Imprisoned by the Freedom Charter

The historiography of the liberation struggle in the era of mass mobilisation is a historical narrative about the life and times of the Freedom Charter and the political formations that embraced it.

A hugely romanticised document, the 60th anniversary of which South Africa celebrates this month, the Freedom Charter is represented as the most radical conceptualisation of a post-apartheid ideal.

In recent times, though, the radicalism of the Freedom Charter has come under the spotlight from within the tripartite alliance. A misguided view emerging is that the ruling party has deviated from the historically radical provisions of the Freedom Charter.

Naively, the Economic Freedom Fighters (EFF) latches opportunistically on to this misreading of the document’s impact on patterns of mass mobilisation since it was adopted. Assuming that historically it was a more radical option than any other available, the EFF and the newly formed United Front commit themselves to restoring the Freedom Charter to its historical glory.

Historically, the Freedom Charter performed poorly as an instrument of mass mobilisation. It was only in the final decade of white rule that the charter defined the decisive antagonism. Ironically, it will be remembered more for its role in a political conjuncture ravaged by internecine and brutal violence in which black African society was both perpetrator and victim.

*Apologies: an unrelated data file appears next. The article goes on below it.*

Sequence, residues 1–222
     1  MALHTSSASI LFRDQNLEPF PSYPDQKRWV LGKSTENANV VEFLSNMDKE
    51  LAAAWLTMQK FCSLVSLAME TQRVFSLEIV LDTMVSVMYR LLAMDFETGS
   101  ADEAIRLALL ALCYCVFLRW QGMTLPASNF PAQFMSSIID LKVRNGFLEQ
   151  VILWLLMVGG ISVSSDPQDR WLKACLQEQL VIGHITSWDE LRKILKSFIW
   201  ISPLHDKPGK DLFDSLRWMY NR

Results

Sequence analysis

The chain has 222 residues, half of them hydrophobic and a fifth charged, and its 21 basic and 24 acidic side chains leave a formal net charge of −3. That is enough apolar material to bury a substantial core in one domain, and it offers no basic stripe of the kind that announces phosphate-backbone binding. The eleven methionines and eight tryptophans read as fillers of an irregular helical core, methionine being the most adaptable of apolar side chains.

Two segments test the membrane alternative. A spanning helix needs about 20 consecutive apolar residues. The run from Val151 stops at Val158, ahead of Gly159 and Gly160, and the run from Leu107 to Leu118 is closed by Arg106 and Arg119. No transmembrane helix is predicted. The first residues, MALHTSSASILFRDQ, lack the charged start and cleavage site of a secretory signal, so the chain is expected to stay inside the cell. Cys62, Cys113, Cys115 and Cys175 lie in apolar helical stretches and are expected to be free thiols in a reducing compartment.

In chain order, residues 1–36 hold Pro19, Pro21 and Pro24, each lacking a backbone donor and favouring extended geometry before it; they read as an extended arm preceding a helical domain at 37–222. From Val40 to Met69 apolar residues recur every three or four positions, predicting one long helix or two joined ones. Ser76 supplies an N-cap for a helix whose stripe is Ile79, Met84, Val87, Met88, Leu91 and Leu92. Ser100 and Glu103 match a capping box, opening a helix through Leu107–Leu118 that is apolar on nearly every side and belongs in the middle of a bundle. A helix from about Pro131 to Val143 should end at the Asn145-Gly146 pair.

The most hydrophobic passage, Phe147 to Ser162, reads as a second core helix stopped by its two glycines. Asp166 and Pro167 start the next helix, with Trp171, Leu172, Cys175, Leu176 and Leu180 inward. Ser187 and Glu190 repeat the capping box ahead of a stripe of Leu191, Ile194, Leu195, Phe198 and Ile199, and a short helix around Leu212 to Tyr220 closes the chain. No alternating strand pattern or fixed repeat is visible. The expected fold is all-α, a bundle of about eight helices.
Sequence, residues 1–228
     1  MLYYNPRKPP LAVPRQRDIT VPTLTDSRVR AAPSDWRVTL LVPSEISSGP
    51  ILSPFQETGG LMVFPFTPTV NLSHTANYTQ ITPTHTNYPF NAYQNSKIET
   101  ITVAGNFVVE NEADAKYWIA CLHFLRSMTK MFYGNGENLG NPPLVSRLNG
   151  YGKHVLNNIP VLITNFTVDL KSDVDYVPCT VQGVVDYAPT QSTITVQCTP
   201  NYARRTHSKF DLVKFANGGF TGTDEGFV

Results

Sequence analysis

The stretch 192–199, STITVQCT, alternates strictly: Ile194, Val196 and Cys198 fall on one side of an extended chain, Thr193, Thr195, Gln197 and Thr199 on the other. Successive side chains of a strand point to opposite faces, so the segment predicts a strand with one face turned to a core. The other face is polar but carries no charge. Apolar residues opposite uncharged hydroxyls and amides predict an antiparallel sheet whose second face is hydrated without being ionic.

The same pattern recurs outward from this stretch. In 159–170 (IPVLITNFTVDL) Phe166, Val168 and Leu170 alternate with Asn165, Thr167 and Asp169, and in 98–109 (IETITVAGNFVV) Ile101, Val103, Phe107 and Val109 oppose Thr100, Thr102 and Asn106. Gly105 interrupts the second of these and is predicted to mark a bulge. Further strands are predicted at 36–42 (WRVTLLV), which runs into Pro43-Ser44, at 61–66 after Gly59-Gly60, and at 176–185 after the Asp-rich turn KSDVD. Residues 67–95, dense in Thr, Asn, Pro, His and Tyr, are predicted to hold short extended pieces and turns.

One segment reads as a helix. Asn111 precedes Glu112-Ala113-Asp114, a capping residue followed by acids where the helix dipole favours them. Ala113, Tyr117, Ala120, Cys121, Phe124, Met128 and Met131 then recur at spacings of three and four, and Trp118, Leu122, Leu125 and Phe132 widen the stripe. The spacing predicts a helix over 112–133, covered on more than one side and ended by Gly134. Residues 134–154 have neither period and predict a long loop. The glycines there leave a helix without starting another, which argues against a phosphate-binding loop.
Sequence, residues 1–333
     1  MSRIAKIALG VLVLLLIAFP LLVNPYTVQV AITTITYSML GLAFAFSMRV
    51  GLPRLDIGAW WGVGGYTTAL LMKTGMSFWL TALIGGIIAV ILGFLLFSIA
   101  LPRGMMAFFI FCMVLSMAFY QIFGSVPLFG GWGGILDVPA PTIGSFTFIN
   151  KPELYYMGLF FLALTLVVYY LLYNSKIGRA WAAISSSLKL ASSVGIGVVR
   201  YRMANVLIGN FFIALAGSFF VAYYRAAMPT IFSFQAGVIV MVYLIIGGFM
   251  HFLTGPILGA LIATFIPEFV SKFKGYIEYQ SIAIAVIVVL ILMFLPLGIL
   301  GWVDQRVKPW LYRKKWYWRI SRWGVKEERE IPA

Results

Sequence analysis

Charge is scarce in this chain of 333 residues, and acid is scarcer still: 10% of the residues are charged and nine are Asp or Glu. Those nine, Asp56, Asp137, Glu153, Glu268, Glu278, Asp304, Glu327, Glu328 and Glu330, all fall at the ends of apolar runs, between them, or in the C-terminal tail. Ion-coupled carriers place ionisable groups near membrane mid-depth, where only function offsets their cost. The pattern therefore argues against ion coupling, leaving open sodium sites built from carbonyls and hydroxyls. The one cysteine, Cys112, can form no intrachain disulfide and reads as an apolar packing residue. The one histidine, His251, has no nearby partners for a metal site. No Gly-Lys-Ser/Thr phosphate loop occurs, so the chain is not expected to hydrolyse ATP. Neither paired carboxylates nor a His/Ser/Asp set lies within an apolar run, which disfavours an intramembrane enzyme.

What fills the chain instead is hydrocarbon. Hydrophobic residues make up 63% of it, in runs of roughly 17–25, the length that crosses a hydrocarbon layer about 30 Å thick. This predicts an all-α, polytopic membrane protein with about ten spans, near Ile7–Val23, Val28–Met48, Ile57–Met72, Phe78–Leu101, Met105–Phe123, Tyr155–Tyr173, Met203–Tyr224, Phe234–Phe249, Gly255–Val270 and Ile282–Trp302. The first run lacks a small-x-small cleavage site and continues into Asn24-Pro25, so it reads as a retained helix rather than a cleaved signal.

In this role the Freedom Charter may have succeeded in averting a racial conflagration, but it did little to contain the devastation left in the wake of a decade of black on black violence.

There is no comparable historical narrative that documents the black African experience during the period under consideration. Chroniclers have fallen over each other documenting historical moments in which the Freedom Charter-embracing congress movement defines the decisive antagonism.

Left-leaning historians and social commentators constructed the narrative that characterised the charter as the radical and only inspirational blueprint for a post-apartheid society. The narrative suggests that an unbroken thread of nonracialism shaped the resistance movement.

Such a formulation has to force significant facts about the Sharpeville massacre and the Soweto revolt into obscurity. It makes for good propaganda, but bad record keeping.

The Sharpeville massacre and the Soweto revolt involved political formations inspired by African nationalism and black consciousness. In both these political conjunctures the Freedom Charter was not a factor in the definition of the decisive antagonism.

The failed resistance to the destruction of Sophiatown, the adoption of the Freedom Charter in 1955, the women’s anti-pass march and the treason trial in 1956, Nelson Mandela, the Rivonia trial, Liliesleaf Farm, Robben Island and related themes have been documented more extensively than any other historical moment in South Africa. There are no comparable accounts that illuminate moments in the history of the liberation struggle in which the black radical tradition defined the decisive antagonism.